But what of the legacy of Cork itself and in particular its lesbian activism? Well, it should be noted that Cork was the site of the first-ever National Gay Conference in 1981. Held at Connolly Hall across three days, it was convened by The Cork Gay Collective, Cork Irish Gay Rights Movement (IGRM) and the UCC Gay Soc (all of which had been established with Cathal’s involvement). The programme included workshops covering topics from religion to education, disability to isolation and, of course, lesbians and feminism. The event also hosted a debate over whether or not the Cork IGRM should host a weekly women’s night in their headquarters on MacCurtain Street.
On the Cork LGBT Archive website, Orla Egan reports that the first documented lesbian meeting in Cork took place as early as January 1978. By 1982, under the Cork Women’s Collective, Cork had its very own safe space for women and lesbians. The Quay Co-op on Sullivan’s Quay provided a dedicated Women’s Place. The space facilitated a number of lesbian groups and organisations including the Cork Lesbian Collective, a Lesbian Line and the Cork Lesbian Discussion Group. The Women’s Place remained at the Quay Co-op until 1990 when it moved to a new location on MacCurtain Street.
As an antidote to the often serious nature of lesbian and feminist activism, the Cork Women’s Fun Weekend was established in 1984 as a way for women to gather socially without having the pressures of facing the issues of rights and visibility. Initially attended by women from all walks of life, the event gradually became more of a lesbian space with many attendees reporting having met their wives, partners and life-long friends at various events. Although events were cancelled for the past two years, the weekend will return this year between April 29 and May 1.
But lesbian activism in Cork has not only been confined to meeting rooms and social spaces. Throughout the ‘80s and beyond, lesbians were taking to the streets to campaign for whatever issues were at hand. Two events, in particular, gained media attention. In solidarity with members of the Irish Lesbian and Gay Organisation (ILGO) who had been refused permission to participate in the New York St Patrick’s Day Parade, 32 lesbians participated in the 1992
Cork parade. They sported a banner that simply read ‘Hello New York’. The following day, a photograph of them made the front page of the New York Times.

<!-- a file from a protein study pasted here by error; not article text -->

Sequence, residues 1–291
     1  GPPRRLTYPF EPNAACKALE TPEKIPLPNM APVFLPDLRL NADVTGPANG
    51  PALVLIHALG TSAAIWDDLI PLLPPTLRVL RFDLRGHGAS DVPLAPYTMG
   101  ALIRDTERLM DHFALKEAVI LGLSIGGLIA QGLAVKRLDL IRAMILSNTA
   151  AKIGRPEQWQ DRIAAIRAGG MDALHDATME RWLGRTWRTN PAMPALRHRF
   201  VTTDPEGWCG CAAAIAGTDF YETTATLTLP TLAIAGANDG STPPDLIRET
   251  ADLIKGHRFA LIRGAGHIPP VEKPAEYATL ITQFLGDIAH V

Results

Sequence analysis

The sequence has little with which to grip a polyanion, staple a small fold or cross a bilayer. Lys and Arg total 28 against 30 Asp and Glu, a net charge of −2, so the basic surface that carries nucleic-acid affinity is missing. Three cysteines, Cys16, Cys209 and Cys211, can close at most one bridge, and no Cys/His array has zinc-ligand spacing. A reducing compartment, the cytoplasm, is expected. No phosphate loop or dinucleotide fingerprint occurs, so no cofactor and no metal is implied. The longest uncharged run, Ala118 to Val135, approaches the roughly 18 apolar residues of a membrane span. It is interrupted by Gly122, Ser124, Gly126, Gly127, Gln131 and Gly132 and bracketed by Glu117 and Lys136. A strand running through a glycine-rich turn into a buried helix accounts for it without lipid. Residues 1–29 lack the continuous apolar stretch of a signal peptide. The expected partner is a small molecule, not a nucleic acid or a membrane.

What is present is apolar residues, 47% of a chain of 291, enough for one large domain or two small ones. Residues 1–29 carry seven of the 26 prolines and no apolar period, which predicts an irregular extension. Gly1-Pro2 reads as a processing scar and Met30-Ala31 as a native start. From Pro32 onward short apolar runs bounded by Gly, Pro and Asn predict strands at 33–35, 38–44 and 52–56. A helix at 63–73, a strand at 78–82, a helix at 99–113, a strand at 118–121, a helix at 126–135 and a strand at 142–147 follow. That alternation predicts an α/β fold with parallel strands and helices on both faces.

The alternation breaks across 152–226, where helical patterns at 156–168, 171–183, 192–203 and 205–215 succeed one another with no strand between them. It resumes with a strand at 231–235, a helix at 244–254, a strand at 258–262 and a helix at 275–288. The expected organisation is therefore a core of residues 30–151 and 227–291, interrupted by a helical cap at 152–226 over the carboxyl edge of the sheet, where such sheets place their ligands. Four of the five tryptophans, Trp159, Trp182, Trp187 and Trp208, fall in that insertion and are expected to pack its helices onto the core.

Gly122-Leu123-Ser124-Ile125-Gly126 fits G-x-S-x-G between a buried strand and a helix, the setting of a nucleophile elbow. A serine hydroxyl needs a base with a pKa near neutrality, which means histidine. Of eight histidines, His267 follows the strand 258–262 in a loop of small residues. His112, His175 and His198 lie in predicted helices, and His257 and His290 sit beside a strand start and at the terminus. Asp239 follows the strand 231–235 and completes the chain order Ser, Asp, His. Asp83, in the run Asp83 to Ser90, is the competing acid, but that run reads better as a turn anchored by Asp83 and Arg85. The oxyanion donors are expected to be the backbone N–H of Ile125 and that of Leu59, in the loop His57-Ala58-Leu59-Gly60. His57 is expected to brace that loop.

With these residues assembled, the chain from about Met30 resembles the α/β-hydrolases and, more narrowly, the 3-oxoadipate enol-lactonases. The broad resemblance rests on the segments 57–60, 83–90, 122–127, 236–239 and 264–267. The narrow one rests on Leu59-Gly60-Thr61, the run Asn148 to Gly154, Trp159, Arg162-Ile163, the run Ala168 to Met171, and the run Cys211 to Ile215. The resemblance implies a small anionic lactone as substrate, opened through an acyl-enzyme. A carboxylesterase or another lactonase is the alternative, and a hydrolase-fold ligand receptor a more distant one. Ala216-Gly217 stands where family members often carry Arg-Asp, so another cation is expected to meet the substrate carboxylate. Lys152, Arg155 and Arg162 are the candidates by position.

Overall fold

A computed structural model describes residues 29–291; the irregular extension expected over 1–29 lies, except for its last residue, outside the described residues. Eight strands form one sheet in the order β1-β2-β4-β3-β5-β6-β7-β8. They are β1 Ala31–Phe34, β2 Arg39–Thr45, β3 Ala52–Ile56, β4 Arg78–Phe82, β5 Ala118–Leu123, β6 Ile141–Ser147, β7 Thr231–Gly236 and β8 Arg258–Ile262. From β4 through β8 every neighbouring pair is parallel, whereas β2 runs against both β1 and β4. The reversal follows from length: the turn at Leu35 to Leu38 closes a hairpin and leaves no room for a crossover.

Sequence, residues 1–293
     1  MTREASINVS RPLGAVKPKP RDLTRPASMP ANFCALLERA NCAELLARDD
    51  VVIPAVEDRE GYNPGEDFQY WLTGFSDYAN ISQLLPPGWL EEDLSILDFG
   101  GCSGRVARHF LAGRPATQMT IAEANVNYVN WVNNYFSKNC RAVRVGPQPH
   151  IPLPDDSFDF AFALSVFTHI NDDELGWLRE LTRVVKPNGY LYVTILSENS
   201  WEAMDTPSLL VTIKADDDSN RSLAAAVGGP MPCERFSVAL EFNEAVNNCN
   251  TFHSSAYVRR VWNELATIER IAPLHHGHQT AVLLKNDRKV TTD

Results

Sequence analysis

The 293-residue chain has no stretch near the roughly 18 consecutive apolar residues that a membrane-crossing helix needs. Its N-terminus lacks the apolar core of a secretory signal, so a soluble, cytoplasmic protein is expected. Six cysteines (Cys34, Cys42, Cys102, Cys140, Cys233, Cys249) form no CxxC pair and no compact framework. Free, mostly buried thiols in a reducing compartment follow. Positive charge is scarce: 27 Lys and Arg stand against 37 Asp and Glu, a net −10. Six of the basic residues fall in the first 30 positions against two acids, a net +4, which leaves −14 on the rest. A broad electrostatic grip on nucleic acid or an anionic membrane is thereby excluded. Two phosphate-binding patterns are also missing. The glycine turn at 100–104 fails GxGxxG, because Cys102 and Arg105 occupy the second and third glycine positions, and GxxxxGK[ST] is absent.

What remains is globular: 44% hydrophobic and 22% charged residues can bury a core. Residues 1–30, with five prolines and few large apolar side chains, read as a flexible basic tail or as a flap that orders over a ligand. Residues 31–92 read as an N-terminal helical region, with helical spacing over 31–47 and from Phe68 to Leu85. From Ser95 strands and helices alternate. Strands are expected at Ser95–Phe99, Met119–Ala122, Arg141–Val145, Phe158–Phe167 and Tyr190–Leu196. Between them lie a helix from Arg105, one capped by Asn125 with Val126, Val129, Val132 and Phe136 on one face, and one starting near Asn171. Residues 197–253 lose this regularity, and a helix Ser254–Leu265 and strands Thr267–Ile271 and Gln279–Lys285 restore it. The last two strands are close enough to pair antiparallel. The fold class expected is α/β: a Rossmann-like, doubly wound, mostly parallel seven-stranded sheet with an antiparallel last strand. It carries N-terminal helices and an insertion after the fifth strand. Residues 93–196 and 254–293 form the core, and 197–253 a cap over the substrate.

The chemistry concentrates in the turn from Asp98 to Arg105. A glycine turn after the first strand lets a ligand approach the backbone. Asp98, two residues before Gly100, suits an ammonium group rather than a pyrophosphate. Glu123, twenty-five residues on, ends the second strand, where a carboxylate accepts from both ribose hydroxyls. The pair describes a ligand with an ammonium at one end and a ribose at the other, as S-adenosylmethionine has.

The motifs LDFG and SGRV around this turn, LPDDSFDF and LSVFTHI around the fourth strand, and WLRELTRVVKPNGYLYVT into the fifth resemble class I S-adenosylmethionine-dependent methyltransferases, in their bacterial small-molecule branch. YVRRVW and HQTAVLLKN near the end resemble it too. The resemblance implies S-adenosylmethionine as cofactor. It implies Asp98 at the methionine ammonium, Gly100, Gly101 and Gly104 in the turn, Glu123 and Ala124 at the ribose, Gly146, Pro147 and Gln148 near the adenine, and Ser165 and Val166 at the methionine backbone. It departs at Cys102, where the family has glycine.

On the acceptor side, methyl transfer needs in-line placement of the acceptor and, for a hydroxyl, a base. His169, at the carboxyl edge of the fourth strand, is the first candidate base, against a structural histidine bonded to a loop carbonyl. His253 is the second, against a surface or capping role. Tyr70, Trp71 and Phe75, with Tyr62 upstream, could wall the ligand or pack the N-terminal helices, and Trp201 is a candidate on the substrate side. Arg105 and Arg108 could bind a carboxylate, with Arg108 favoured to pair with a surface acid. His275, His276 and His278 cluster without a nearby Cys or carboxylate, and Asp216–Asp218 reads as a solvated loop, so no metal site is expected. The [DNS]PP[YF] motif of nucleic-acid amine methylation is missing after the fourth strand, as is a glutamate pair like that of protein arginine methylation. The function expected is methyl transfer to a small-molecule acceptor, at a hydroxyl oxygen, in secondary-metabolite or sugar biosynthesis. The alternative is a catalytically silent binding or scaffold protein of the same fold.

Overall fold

Another key event not only in Cork’s LGBTQ+ history but one that had an impact on Irish legislation was on April 26, 1993, when Donna McAnallen was dismissed from her job at Brookfield Holiday Village as a lifeguard and fitness instructor after allegations were made that she had been seen kissing another woman. Her supervisor informed her at the time that she was being fired because having a lesbian working at the fitness club would ruin its reputation. The Cork LGBT community came out in support, sporting t-shirts saying, ‘I kissed Donna McAnallen’.
To this day, Cork remains the only place in the Republic of Ireland to have a dedicated lesbian and bisexual women’s resource centre. With growing demands for the lesbian service hosted at the Women’s Place, by 1999 it was determined that there was enough of a demand for a space solely for lesbians and bisexual women, hence Lesbians in Cork was formed. With the expanding diversity in the community using the services, in 2010, it was decided to drop the name of Lesbians in Cork but to retain the acronym of LINC. Today LINC has become a vital support for lesbians across the southwest of the country, providing services in both Kerry and Waterford.
LINC will partner with the UCC LGBT+ Staff Network along with scholars from UCD, Cambridge University and the University of Brighton to host this year’s Lesbian Lives Conference. With the theme of ‘Solidarity’ it promises to be an incredible addition to the Lesbian Lives catalogue.
Keynote presenters will include acclaimed American author, filmmaker, and theorist, Professor Susan Stryker. Her work on gender theory and trans history has been a critical part of shaping discourse around trans identity. Sociologist, feminist campaigner and author of the new book Female Masculinities and the Gender Wars, Finn MacKay will be exploring the middle ground in the TERF war.
And this year’s programme doesn’t disappoint on the literary front with readings from crime writer Val McDermid, poets Felispeaks, Julie Goo and Sarah Clancy and journalist Zainab Boladale. With the full programme still to be announced, the 25th Lesbian Lives Conference is already shaping up to be an unmissable event.
To register to attend the conference and to find out more visit www.ucc.ie/en/lesbianlives2022.